Ergodox EZ and Dvorak: A typing odyssey
Some time ago, my left wrist began to hurt.
I’ve been programming for years now, so I assumed this was inevitable.
It seemed to stem from the many sideways movements my pinky needed to make to hit Shift, Control, Tab, and Escape (yes, I remapped Caps Lock; all hail
Qwerty also puts more work on the left hand in general.
I stand at my desk all day while working, so my hands hover over the board with only my fingertips making contact. This eliminates the strain you get from the flexion and extension caused by resting your wrists on the desk, a nice perk of standing. However, there were adjustments I could still make. I moved the board farther away from my body, and put the right side on a book to create an incline for my left hand. This bit of supination allowed that hand to remain in a more natural position, which did ease the pain somewhat.
My manager offered some recommendations he found on Hacker News such as exercising my wrists with a spinner and doing daily stretches. After incorporating all these remedies into my workflow, the dull ache persisted. I decided to initiate the nuclear option.
Enter Ergodox EZ
I’m a big fan of mechanical keyboards; you just can’t beat that tactile bump from the switch (Cherry MX Browns are my favorite). There are a few in my collection these days, and I enjoy discovering new, innovative designs. I had been drooling over the idea of a customizable split keyboard for some time, even before the wrist pain. Finally, the time had come where I felt I couldn’t wait any longer.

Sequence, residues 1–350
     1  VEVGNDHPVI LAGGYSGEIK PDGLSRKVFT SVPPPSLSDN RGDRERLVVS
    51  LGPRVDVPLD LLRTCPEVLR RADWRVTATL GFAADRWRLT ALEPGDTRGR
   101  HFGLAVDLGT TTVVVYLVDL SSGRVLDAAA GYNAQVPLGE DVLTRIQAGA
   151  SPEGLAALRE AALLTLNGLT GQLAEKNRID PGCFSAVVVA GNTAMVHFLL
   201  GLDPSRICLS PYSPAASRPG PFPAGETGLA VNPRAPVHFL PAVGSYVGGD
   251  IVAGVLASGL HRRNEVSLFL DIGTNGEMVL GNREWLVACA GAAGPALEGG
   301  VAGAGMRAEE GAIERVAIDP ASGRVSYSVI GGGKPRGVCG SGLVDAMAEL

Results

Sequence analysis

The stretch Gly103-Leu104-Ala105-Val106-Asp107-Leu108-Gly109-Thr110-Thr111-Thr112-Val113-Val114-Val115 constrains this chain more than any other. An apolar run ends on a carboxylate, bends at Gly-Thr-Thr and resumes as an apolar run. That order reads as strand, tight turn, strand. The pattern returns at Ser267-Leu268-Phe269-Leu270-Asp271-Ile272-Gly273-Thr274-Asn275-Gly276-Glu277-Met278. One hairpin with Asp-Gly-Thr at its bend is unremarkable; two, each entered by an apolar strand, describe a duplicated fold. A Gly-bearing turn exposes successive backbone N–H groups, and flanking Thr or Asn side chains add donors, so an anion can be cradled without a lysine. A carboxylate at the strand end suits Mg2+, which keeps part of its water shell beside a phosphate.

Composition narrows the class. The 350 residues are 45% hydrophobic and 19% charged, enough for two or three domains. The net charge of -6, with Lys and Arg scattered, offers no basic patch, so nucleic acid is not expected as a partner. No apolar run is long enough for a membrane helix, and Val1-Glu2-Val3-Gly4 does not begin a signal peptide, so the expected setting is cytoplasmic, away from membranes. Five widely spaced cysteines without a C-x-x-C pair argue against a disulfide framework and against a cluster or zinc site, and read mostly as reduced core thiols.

Of all the options available today, the Ergodox EZ seems to be the best split mechanical keyboard with the smallest barrier of entry (you don’t have to build it yourself). The ergonomics gained with this board are incredible. The two separate sides sit underneath your hands, wherever that may be. The optional tilt kit accomodates the natural angle of your wrists. The keys are in staggered, linear columns. This takes some getting used to but feels great once you do (I now disdain using the laptop). Why are not all keyboards ortholinear? Each thumb has its own group of keys, which lets you transfer work away from those tired pinkies.
And the best part? Each key on the board can be programmed to do whatever you want! This brings ultimate customizability. But be prepared to make constant changes for a long time. I spent a solid five weeks in flux before mostly settling on my current layout. This is made possible by how easy it is to change the config with the GUI web app.
You can set up to 32 layers, which means at the push of a button all the keys will change to whatever you’ve set for that layer. You can also give layers their own backlight color or change it for individual keys. Options exist to have a single key perform a combination of keypresses or do one thing with a single press and another when held down. I’m only using two layers currently, one for main and the other to hold all the common symbols used for coding. I can switch between letters and symbols without leaving the home row. 😮
Keep in mind, this level of customizability combined with the linear columns is a drastic change. Most reviews I read said it took the typist a month to recover. Therefore, before throwing my old CoolerMaster into storage, I benchmarked my typing speed at an average of 80 words per minute. After switching to the Ergodox, my speed plummeted to 35 WPM. Ouch. I was gonna need some practice.
The board had essentially broken me so that I may be rebuilt better, faster, and healthier. I felt that my life-long friend Qwerty was holding me back from greatness, and I became intrigued by the idea of alternative layouts. Qwerty is after all an outdated typing method created for a use case long since deprecated. There must be layouts designed for better ease of use and increased typing speed. I mostly had nothing to lose at this point by picking up something new. If ever there was time to start from scratch, it was now.